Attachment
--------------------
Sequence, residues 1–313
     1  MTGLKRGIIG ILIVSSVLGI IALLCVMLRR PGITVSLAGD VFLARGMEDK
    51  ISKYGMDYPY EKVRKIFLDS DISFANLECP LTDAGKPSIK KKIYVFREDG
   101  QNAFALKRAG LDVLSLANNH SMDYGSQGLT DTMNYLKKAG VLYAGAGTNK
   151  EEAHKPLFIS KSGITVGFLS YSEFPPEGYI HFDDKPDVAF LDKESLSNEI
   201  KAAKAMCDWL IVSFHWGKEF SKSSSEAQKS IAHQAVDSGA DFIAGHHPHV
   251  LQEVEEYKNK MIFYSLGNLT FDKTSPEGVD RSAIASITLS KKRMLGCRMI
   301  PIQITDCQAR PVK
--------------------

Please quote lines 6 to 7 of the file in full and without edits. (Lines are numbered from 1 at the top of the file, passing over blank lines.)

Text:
   201  KAAKAMCDWL IVSFHWGKEF SKSSSEAQKS IAHQAVDSGA DFIAGHHPHV
   251  LQEVEEYKNK MIFYSLGNLT FDKTSPEGVD RSAIASITLS KKRMLGCRMI